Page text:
Industry Arrives at a Consensus on Online Advertising

It seems that the industry has at long last come together. We can all agree on one thing. There is a lot wrong with online advertising.

I paraphrase from multiple sources, but most creative work sucks; too many consumers are installing blockers rather than put up with being interrupted/having their phone batteries drained; advertisers have worked out that agencies and adtech businesses are siphoning money off all over the place; no-one believes the data; and publishers are losing their shirts.

Not a pretty picture. Even if you’re Google or Facebook you can’t be happy with the situation. If things don’t improve it doesn’t bode well for the future, even for them.

Of course online communications (including advertising) has great potential, it’s just that we seem not to have worked out how to unleash it.

You can trace what has been a series of mis-steps back to the not-so-good old days when clients didn’t bother themselves with the media side of the business. That might have been sort-of understandable when the ad agencies housing the media people didn’t bother either, but once media agencies got going this client indifference was always going to be exploited.

One way was to focus on the buy prices. Lower those and the client was happy, and anyway all mainstream media were largely acceptable (even interchangeable if you limited yourself to looking at the numbers) so who knew (or even cared) if the agency made money on the side by pushing budgets in this or that direction.

Then there’s the evolution of the sales side. Media people in agencies have always had a built-in bullshit filter that activates when they meet sales people.

The bullshit filter might have worked well when most agency media people knew most sales guys; but things have changed. For one thing salesmen now regularly meet clients, and not just for a handshake and lunch. Now they talk business, they form partnerships, they (gasp!) go around the agency.

Secondly, since the media world exploded and we all started talking digital gobbledegook the BS filter gets clogged, and all sorts of rubbish gets through (and all sorts of good stuff gets blocked) when that happens.

Then there’s the ads. Sad to say they’ve become ludicrously irrelevant, the province of the luddite creatives, those guys who always used to be mocked for going to Cannes – that is until the adtech people turned Cannes from an ad festival into a tedious trade fair.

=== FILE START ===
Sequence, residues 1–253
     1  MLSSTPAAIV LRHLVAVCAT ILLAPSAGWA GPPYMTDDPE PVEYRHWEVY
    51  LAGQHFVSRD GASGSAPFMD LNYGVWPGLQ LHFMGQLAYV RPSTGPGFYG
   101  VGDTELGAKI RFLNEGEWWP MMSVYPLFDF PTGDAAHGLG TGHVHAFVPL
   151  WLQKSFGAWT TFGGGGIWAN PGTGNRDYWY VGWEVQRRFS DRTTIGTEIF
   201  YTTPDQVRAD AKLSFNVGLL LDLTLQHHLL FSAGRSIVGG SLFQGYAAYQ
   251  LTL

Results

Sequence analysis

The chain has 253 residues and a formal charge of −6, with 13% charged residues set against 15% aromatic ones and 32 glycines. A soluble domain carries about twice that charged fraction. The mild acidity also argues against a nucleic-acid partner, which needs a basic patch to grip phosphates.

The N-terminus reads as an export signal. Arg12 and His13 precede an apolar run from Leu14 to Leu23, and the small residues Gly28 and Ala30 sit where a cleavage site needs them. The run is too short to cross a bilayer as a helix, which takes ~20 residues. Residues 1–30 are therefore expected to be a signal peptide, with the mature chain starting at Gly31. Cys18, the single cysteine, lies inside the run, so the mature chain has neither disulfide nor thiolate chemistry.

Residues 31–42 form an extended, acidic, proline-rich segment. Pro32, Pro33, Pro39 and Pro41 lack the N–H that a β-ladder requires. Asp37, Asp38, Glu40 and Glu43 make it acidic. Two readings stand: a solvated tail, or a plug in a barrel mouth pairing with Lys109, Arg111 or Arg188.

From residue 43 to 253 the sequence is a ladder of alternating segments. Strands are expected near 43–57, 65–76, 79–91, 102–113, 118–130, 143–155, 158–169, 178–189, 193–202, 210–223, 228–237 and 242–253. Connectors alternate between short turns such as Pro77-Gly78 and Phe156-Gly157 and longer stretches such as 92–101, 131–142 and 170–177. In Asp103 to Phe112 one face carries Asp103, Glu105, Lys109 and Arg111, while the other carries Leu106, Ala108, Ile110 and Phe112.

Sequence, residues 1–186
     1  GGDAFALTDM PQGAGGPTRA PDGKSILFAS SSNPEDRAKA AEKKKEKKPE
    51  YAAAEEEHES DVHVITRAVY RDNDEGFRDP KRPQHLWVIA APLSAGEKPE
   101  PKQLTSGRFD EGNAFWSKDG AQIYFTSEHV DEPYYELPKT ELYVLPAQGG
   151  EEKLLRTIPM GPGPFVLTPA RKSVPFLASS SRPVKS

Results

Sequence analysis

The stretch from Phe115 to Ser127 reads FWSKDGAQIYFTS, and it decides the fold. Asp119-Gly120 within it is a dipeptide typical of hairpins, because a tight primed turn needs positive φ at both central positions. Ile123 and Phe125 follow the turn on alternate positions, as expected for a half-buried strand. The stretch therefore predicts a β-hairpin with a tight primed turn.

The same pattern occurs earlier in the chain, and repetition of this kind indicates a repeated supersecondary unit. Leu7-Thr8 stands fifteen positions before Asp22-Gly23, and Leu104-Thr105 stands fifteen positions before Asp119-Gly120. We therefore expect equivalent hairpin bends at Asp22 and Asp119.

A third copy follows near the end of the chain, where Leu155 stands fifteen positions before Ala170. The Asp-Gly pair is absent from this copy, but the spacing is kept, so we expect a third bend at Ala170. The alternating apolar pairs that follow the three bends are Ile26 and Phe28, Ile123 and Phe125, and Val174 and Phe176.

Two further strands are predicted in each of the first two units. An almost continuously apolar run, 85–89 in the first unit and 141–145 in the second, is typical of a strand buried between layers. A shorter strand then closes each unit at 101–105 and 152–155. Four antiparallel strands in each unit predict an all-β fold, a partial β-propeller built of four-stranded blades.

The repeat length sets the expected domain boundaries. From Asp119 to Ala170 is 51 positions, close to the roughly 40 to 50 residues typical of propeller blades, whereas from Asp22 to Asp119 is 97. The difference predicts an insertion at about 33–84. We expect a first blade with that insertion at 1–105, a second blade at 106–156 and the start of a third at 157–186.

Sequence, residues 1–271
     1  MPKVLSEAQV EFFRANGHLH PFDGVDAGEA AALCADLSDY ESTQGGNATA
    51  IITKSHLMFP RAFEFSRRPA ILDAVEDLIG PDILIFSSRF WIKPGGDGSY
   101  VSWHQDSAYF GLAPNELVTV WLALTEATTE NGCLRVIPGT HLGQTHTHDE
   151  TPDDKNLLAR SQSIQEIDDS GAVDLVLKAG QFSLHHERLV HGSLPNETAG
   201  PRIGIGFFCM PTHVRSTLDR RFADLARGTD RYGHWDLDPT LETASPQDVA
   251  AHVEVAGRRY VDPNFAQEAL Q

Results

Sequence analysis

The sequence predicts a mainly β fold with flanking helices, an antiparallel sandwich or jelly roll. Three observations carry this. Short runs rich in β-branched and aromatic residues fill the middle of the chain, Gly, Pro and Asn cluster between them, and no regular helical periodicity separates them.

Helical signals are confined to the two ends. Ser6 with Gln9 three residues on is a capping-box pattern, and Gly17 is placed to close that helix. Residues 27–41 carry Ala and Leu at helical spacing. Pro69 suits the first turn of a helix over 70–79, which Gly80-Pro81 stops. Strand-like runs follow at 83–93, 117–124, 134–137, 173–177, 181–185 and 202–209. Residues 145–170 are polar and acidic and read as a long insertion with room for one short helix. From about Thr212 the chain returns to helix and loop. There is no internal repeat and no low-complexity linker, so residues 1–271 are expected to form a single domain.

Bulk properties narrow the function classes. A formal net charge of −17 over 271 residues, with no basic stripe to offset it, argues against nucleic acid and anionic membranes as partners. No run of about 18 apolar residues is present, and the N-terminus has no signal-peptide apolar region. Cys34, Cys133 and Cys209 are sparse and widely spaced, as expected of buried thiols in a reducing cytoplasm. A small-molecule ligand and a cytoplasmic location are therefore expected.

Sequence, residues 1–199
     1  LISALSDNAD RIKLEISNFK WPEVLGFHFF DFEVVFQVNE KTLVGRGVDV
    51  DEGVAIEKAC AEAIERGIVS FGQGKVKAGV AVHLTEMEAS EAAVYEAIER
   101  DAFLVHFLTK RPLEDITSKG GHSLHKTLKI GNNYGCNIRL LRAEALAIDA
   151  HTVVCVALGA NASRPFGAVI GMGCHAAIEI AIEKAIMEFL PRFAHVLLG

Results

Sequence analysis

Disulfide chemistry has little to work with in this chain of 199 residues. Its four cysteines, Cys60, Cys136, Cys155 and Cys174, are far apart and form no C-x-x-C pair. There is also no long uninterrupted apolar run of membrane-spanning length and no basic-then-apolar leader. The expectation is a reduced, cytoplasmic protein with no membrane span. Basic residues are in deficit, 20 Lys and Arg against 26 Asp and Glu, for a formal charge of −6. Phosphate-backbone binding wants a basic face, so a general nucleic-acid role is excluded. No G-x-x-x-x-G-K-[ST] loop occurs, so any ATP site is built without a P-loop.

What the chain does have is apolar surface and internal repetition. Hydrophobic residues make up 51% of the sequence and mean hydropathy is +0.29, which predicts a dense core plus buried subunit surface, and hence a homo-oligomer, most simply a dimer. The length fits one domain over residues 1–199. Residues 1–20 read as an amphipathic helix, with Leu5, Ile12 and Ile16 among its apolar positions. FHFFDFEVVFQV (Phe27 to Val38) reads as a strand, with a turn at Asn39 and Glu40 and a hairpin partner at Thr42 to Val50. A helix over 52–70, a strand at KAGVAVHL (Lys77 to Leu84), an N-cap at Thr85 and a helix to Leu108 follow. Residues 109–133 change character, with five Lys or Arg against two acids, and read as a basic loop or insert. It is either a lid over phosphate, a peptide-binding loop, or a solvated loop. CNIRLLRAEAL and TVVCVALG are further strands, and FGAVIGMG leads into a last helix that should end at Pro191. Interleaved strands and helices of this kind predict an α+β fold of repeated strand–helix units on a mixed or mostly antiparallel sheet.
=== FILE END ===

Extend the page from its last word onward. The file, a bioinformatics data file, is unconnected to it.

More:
Far too many digital guys have little idea what the ads they’re placing even look like.

But what they do understand is numbers. And the bigger the better.

On the commercial side of things, the large holding companies have long worked out that their continued future success lies with the media ‘mathmen’.

Media agencies’ trading arms duly forget the ads, focus on turning largely meaningless numbers into cash and, voila – here we are.

Just in time clients have woken up. Credit to troublemakers like Jon Mandel, the WFA, the ANA, ISBA, The AdContrarian, ID Comms, Nick Manning and the rest for shaking the trees. Somebody had to do it and it wasn’t ever going to be the large network agencies.

Clients needed to reclaim their primacy and there are signs they are at last starting to do so. Mind you one well-known digital expert has posted that Marc Pritchard’s IAB speech was designed with only one thing in mind – to get better prices for P&G on FB.

There’s always one; the truth is the gravy train has hit the buffers.

To switch metaphors, when you’re in a hole, first stop digging, then start to clamber out. Time for the men with the ladders and a plan.

  1. I think you should add yourself to the list of ‘troublemakers’, Brian. You have ploughed this furrow for some time and with very good effect.

  2. Brian I would also add that the challenges facing clean transparent data technology providers looking to serve the industry positively are immense. Not conforming to providing kickbacks or serving to maximise arbitrage opportunity is often seen as something to suffocate, not support. Indicative of the mess we find our industry in.

  3. Thanks Steve – modesty forbids!

  4. I know that’s true Steve, but we have to change as an industry if we’re to get out of what is as you correctly say a huge mess. It’s time for all those hard conversations agencies have for years been putting off to take place.

  5. I agree Brian. I actually think the tipping point is for all parties (Clients, agencies and providers) to admit collective responsibility for the problems and collective accountability for putting them right. I think there were clearly positive moves in that direction at the ISBA conference this week.

  6. Yes I agree. This emotion is present in the Marc Pritchard speeches too.

  7. Mind you the silence from the holding companies doesn’t bode well for any cross industry initiative.

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